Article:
At twenty-one, Thomas Stradling lacked many of the skills that made a good captain. He was also a tyrant, which often put him at odds with Dampier, the leader of the expedition. Dampier, himself, was known to lose his temper. On a previous expedition he beat his second-in-command with a cane, put him in irons, and had him jailed in Brazil. When Dampier returned to England, he faced a court martial, was fined three years’ pay, and deemed unfit to command a Royal Navy ship. That was why he had mounted this private expedition, but his overcautious nature kept them from attacking Spanish ships and raiding Spanish ports. After four weeks of this, Stradling had had enough. The two captains quarreled and decided to go it alone rather than hunt in tandem. Later, fifty-nine additional crewmembers would abscond aboard two prize ships taken by Dampier. By the time he returned to England in 1707, those who had funded the expedition would receive no return on their investment and would sue Dampier for fraud.

Captain Thomas Stradling’s despotism soon conflicted with Alexander Selkirk’s violent temperament. Selkirk hated and distrusted the man. They nearly came to blows at least once, but William Dampier, who had led the expedition before he and Stradling had a falling out, intervened before the crew mutinied. Now, as supplies again waned and no prey was sighted, tempers flared. When the Cinque Ports returned to Juan Fernandez Island in October for fresh supplies, Selkirk asked to be put ashore. He felt the Cinque Ports wasn’t seaworthy and refused to sail with an incompetent captain. Stradling was only too happy to oblige. He sent Selkirk ashore with his belongings – sea chest, musket, navigational instruments and charts, cooking pot, Bible, flask of rum, tobacco – and enough quince marmalade and cheese to provide a day’s worth of sustenance.

Initially, Selkirk felt his odds of survival safer on the island than aboard the ship with Stradling. The rotting oak hull leaked and the Cinque Ports was destined for a watery grave. The island, however, was the only friendly port where English and French ships could recover from or prepare for braving the rough seas between the Pacific and the Atlantic Oceans. Others who had been shipwrecked, marooned, or accidentally abandoned had been rescued, so Selkirk felt certain he and those who joined him from the Cinque Ports need only wait three or four months at most before being rescued. Yet, none of his shipmates joined him, and as the ship weighed anchor in October 1704, the enormity of being marooned frightened Selkirk. He pleaded with Stradling to let him return to the ship, but his pleas were ignored. Helpless, he watched the Cinque Ports sail away. Unbeknownst to him, the rescue he hoped for would not come for more than four years.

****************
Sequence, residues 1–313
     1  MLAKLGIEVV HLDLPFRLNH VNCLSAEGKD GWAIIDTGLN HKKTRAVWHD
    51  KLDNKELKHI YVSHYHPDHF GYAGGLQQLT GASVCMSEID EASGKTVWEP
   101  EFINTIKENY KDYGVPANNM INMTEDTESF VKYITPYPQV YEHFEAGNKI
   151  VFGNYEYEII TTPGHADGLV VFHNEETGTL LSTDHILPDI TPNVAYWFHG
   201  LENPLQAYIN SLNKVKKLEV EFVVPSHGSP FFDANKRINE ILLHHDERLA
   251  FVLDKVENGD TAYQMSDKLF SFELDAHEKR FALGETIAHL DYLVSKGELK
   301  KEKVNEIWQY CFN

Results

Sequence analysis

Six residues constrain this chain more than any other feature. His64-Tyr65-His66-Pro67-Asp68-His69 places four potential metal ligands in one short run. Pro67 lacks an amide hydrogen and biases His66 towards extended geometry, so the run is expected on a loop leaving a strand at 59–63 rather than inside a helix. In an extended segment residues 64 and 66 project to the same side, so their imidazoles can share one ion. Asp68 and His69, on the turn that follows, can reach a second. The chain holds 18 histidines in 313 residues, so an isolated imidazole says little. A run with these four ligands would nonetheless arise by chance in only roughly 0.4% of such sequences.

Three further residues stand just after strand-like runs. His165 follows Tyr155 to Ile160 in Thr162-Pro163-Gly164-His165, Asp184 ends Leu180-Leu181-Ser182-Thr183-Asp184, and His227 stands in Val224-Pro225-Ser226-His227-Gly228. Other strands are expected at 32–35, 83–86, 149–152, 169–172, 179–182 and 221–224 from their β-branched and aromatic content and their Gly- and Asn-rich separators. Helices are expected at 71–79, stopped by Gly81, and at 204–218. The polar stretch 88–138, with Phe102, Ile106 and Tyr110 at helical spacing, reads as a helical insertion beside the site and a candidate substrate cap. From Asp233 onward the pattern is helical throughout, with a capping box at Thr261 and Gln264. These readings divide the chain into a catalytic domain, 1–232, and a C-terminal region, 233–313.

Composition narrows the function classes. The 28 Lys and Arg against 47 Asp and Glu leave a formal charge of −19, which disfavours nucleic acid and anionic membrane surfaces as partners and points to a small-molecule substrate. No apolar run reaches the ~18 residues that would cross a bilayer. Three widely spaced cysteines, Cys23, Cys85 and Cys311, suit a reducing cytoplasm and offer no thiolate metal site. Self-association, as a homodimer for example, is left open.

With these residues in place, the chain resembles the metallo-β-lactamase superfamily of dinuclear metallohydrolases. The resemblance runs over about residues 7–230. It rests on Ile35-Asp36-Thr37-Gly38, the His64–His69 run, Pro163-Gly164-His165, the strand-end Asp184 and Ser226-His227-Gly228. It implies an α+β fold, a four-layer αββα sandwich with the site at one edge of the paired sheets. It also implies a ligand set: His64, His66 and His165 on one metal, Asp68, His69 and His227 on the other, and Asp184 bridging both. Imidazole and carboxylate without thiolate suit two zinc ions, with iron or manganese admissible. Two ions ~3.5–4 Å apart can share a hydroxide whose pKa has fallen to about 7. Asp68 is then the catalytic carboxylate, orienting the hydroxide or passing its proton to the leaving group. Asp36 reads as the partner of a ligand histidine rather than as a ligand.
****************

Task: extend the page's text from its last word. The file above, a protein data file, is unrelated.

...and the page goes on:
The loneliness tormented Selkirk. He grew weak and wished for death. Instead, he lived. He found solace in reading his Bible and in prayer. When his meager rations ran out, he drank spring water and feasted on lobsters, seals, sea lions, and wild goats. With no other humans to converse with, he eventually forgot how to speak, but he remained in good health. Having no powder for his musket, he constructed tools – knife, harpoon, saw, fishing hooks – from its various parts. He fashioned a cap and coat from goat hides, sewing the garments together with a nail. He built two huts from tree branches and grass. He rubbed two sticks together to make fire. His only fears were melancholy and the possibility a Spanish ship would come to the island.

Meanwhile in England, Woodes Rogers mounted another privateering expedition with the same intent as Dampier’s earlier one. At fifty-six, Dampier possessed invaluable knowledge of the South Pacific, which made him an ideal choice for Captain Rogers’ pilot. Crewed by English and Dutch seamen the Duke – a three-hundred-ton, thirty-gun frigate – and Duchess – a slightly smaller vessel – sailed from England in 1708.